As Department of Energy relaunches loan program, we consider past successes and failures
In the same week that Audi said "not so fast" to some claims from Tesla, Chrysler has responded to a new press release from the California-based EV-maker by saying "not exactly, Tesla." The statement, released through the company's blog, comes in response to Tesla claiming it was "the only American car company to have fully repaid the government." Chrysler notes that it, too, recently paid back Uncle Sam from its 2008 bailout. Similar to Audi's recent press release, which was eventually and myst
We haven't heard much from Tesla of late, but that may be because the upstart electric car maker is hard at work getting the Model S to market, as promised, before the end of 2012. The Model S itself is the product of a $465 million loan from the U.S. Department of Energy, but that's not the last round of loans Tesla has its sights set on.
Republican leaders in the House of Representatives reportedly want to cut in half the balance of a U.S. government fund, the Department of Energy's Advanced Technology Vehicles Manufacturing (ATVM) Loan Program, that was set aside to help the automotive industry develop more fuel efficient vehicles.
Chrysler has taken the final step towards freedom from Uncle Sam by paying off the rest of its government loans. USA Today reports that Chrysler and Fiat paid the Treasury Department $500 million for 98,461 shares and $60 million for shares from a pact with the United Auto Workers' VEBA retirement trust.
The federal bailout of General Motors and Chrysler cost U.S. taxpayers roughly $80 billion back in 2009, but only two years later, it appears Uncle Sam will get most of its money back. The Associated Press reports that the Obama Administration now estimates that the bailout will "only" cost taxpayers $14 billion. That's down significantly from the projected 60 percent loss estimated by the Treasury Department back in 2009, and the money is also expected to arrive much sooner than originally expe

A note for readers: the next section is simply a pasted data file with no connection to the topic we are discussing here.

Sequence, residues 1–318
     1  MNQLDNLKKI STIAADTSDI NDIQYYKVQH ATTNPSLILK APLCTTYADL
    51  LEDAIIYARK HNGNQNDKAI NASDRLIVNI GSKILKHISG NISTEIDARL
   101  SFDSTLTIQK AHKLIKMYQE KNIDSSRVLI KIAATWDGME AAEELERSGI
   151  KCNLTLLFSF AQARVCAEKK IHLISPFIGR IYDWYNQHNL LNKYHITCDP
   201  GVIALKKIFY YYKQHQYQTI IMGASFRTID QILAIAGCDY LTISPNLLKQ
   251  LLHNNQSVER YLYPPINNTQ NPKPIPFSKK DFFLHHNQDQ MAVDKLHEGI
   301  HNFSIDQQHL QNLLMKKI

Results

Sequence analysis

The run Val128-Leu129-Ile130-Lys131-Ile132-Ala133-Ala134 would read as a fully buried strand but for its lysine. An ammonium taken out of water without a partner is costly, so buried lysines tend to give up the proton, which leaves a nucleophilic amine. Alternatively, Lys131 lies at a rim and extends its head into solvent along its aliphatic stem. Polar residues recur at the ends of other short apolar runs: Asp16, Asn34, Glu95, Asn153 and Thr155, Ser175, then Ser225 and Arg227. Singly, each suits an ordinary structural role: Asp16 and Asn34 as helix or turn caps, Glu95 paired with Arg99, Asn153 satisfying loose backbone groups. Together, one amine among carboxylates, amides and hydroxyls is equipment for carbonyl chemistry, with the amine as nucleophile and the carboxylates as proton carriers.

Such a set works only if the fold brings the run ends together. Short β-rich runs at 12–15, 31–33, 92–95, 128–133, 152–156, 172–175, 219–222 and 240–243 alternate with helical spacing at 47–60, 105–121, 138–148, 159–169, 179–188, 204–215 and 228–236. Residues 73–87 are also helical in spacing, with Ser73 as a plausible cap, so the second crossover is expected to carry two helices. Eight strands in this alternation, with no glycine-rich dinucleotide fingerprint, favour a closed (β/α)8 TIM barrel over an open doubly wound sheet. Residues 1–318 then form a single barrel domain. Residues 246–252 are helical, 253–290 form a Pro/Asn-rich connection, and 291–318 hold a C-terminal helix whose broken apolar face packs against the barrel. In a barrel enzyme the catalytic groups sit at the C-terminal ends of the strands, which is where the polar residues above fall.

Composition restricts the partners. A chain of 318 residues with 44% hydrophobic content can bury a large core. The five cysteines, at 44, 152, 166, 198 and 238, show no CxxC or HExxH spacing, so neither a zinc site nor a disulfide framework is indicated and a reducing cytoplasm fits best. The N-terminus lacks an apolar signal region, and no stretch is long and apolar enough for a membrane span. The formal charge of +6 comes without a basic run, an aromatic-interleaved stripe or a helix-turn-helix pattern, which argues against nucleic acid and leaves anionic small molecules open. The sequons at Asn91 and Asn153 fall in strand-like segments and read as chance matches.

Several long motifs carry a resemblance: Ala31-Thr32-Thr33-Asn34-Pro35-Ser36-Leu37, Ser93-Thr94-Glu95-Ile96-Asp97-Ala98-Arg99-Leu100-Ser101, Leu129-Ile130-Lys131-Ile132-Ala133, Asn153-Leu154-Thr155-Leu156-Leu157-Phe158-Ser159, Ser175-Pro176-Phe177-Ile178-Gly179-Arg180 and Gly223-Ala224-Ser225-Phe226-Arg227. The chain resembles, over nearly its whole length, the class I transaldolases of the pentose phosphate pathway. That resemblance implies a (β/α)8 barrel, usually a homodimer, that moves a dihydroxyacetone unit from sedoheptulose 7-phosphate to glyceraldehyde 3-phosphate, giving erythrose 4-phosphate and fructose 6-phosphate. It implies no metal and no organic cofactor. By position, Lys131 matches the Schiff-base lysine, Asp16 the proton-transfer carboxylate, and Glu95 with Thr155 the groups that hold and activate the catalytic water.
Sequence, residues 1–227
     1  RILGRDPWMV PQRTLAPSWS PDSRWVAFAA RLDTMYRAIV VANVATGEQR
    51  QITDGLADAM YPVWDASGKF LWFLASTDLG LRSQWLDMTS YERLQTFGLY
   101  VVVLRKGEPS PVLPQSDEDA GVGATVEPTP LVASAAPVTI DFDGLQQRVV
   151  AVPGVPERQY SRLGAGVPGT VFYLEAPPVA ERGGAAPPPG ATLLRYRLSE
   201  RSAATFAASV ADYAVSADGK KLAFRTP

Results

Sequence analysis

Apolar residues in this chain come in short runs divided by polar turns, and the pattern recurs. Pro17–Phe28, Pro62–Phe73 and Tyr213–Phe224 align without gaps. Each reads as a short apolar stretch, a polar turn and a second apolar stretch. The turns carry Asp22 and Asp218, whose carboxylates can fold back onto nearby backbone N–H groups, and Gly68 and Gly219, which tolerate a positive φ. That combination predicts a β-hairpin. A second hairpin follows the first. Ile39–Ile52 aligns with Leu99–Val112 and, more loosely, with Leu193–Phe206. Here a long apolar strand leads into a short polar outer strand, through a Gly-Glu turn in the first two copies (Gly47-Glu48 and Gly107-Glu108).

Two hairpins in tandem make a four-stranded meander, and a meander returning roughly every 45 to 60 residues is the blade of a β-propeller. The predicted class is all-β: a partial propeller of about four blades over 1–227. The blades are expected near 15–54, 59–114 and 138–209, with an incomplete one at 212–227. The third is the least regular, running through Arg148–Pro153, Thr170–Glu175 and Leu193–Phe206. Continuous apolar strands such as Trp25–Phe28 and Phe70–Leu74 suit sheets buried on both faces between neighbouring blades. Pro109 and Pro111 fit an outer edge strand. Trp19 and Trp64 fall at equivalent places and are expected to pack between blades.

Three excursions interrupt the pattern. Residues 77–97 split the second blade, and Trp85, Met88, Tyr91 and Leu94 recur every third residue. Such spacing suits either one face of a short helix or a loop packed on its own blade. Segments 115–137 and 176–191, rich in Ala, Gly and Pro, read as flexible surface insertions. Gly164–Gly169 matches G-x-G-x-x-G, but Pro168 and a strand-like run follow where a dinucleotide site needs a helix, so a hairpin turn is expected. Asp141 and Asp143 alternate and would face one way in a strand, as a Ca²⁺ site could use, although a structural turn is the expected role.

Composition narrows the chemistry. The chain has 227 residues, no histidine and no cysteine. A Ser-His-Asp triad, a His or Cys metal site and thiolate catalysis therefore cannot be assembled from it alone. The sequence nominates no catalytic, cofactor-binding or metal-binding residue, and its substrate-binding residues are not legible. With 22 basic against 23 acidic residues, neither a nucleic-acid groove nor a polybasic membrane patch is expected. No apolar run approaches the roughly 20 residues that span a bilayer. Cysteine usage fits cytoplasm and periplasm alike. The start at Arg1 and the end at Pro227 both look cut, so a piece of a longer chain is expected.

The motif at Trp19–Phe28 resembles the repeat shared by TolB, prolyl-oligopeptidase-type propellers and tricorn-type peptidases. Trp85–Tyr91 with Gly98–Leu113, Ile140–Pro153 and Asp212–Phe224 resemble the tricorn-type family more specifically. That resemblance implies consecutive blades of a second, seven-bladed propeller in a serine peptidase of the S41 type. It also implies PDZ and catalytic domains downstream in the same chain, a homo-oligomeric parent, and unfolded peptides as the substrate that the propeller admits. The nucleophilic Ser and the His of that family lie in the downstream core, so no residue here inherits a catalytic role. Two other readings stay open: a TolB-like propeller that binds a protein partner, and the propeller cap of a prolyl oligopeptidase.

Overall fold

It's Official: Chrysler has announced that it has repaid its multi-billion dollar obligations owed to both the United States and Canadian governments. Adding up both loans plus interest, Chrysler has just shelled out a tidy $7.6 billion. The U.S. receives $5.9 billion and Canada will get $1.7 billion.
This is very bad. Remember the deal between Hawtai Motors and Saab? Collapsed. According to The Detroit News, the deal, which involved a 29.9 percent stake in Saab in exchange for $172 million, fell apart early Thursday morning. The problem was reportedly that Hawtai wasn't able to obtain all the stakeholder consent needed, forcing the Chinese automaker to terminate the pact. Saab and Hawtai are reportedly continuing to work on resurrecting a deal, but the Swedish automaker has said in a stateme
Fiat has been in a big, fat hurry to increase its stake in Chrysler, as the Italian automaker has managed to increase ownership from 20 percent to 30 percent so far this year. A report out of Automotive News Europe (via Italian newspaper Corriere della Sera) shows that the stakes may raise once again by June of 2011.
We've all been there: uttering words you almost immediately regret. You feel like an absolute idiot. But the next time that kind of situation comes up – and come up it will – know that you're not alone. Because Sergio Marchionne has had a bit of backtracking to do himself.
You don't have to be a pollster to know that for the most part, the American public remains none too happy about the federal government handing over the people's hard-earned tax dollars to pull General Motors and Chrysler out of the fires of insolvency. Despite the fact that both companies have managed to keep their lights on, doors open and paychecks flowing due to their generous federal loans, Joe Plumber still can't stand the thought of paying the price of the two companies' failures. With mi